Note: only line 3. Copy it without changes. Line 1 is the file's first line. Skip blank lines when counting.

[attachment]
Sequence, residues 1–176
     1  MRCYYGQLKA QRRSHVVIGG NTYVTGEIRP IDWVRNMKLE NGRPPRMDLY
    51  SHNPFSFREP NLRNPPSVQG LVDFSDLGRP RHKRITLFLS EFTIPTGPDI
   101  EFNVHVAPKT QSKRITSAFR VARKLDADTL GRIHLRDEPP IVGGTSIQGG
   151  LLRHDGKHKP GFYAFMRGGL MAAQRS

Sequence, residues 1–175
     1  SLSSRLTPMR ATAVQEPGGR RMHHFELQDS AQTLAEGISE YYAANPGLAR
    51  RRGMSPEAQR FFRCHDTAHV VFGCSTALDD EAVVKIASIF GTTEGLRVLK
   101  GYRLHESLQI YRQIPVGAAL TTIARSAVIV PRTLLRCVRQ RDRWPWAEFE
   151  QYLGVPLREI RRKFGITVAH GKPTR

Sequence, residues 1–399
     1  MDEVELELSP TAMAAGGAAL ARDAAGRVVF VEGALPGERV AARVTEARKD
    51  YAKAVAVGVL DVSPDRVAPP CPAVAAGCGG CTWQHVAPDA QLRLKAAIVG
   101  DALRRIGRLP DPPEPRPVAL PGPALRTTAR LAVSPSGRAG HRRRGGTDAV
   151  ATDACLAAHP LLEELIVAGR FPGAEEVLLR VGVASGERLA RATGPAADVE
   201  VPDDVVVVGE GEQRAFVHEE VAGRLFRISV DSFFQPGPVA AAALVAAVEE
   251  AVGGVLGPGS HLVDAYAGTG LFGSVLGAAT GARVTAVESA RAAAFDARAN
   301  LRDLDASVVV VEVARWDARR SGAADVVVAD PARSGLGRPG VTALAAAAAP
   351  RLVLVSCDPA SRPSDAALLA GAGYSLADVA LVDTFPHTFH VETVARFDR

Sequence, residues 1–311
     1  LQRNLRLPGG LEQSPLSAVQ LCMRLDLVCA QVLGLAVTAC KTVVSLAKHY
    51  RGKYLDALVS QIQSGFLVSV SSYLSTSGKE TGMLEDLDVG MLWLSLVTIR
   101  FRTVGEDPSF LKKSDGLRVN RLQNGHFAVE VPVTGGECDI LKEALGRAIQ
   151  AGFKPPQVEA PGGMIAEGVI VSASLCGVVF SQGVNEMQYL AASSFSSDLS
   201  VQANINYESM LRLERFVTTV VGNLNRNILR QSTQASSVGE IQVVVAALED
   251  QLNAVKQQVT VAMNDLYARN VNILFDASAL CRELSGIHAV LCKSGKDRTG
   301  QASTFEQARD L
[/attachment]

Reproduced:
    51  SHNPFSFREP NLRNPPSVQG LVDFSDLGRP RHKRITLFLS EFTIPTGPDI